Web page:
Six Memos for the Next Millennium

Italo Calvino’s 1985 lectures went unfinished (he got 5 out of 6 written) when he died, but cracking this book open decades later, there is plenty of advice for us in those. Lightness, Quickness, Exactitude, Visibility, and Multiplicity were the ones he wrote, meaning to tackle Consistency as well.

In Exactitude, he dives deep on the pestilence of images. “We live in an unending rainfall of images. The most powerful media transform the world into images and multiply it by means of the phantasmagoric play of mirrors… Much of this cloud of visual images fades at once, like the dreams that leave no trace in the memory, but what does not fade is a feeling of alienation and discomfort.”

Writing prose should be the same as poetry; the goal is to look “for the unique expression, one that is concise, concentrated, and memorable.”

Calvino’s motto has been the Latin Festina lente: hurry slowly.

In an age when other fantastically speedy, widespread media are triumphing, and running the risk of flattening all communication onto a single, homogeneous surface, the function of literature is communication between things that are different simply because they are different, not blunting but even sharpening the differences between them.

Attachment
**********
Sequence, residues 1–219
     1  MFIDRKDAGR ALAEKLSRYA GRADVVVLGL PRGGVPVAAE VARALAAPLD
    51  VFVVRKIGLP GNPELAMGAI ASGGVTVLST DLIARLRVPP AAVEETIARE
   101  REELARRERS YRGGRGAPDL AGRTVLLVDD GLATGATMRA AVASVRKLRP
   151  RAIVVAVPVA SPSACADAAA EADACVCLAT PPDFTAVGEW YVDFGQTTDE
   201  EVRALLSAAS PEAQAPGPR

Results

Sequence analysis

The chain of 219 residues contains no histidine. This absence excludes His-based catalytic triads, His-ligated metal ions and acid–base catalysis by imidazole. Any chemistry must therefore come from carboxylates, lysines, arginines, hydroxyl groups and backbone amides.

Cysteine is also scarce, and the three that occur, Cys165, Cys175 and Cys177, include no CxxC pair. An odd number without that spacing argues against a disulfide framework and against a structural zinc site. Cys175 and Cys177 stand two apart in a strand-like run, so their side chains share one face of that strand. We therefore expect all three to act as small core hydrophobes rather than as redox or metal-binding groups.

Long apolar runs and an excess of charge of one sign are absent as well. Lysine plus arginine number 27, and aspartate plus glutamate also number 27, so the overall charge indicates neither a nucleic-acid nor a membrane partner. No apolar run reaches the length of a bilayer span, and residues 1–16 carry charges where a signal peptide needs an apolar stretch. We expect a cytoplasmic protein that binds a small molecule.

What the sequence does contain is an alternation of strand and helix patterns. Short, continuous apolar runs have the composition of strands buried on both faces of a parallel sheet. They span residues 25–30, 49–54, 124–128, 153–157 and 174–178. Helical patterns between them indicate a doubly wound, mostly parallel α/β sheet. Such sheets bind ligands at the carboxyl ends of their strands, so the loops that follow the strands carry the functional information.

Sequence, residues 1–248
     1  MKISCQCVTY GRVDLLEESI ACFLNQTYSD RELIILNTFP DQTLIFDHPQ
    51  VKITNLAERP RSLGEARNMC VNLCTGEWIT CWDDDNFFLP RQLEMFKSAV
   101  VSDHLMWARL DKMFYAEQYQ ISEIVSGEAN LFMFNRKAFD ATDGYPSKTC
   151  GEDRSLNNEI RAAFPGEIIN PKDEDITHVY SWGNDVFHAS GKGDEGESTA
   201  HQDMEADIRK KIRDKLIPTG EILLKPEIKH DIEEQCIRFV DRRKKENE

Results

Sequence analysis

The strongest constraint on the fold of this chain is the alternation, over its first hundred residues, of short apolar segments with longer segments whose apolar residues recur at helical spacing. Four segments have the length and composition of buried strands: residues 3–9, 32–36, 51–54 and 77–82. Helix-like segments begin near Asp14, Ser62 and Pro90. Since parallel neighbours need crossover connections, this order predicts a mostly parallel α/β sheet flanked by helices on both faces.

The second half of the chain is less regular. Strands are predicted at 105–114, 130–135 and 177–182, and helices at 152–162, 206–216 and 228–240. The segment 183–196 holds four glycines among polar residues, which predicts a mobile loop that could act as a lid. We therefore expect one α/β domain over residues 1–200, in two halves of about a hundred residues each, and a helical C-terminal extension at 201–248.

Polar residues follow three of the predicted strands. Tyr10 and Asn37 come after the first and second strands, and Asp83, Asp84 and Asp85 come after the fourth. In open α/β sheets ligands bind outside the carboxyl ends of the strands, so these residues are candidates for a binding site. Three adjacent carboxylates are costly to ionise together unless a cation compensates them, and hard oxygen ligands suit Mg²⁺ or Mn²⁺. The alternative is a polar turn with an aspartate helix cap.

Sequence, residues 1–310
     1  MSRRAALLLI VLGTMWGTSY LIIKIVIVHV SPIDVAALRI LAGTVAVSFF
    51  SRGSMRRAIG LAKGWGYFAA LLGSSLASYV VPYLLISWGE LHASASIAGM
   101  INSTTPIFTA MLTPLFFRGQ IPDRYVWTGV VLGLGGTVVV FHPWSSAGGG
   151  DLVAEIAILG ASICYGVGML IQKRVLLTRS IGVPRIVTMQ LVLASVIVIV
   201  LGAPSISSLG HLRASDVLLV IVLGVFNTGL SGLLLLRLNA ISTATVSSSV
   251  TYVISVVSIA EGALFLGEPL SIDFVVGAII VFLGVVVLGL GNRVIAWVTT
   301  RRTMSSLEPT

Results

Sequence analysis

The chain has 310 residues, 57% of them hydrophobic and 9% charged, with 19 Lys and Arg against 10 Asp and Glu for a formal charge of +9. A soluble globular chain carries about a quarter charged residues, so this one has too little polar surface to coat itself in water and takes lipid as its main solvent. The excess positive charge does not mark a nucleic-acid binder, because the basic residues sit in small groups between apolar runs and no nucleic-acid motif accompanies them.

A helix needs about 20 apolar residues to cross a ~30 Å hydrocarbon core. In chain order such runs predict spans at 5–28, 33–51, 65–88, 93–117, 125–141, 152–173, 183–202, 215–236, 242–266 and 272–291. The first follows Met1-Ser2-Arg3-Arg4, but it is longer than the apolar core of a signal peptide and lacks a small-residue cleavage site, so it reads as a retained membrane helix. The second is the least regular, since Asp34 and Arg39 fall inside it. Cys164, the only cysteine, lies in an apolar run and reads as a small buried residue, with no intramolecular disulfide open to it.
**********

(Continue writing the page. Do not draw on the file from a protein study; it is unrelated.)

De Quincey’s “The English Mail Coach” essay bumps into my consciousness again in his lecture on Quickness. A copy of that essay awaits me at the library, having come across it when it was mentioned as Joseph Cornell’s favorite book.

On objects: “the moment an object appears in a narrative, it is charged with a special force and becomes like the pole of a magnetic field, a knot in the network of invisible relationships…. in a narrative any object is always magic.”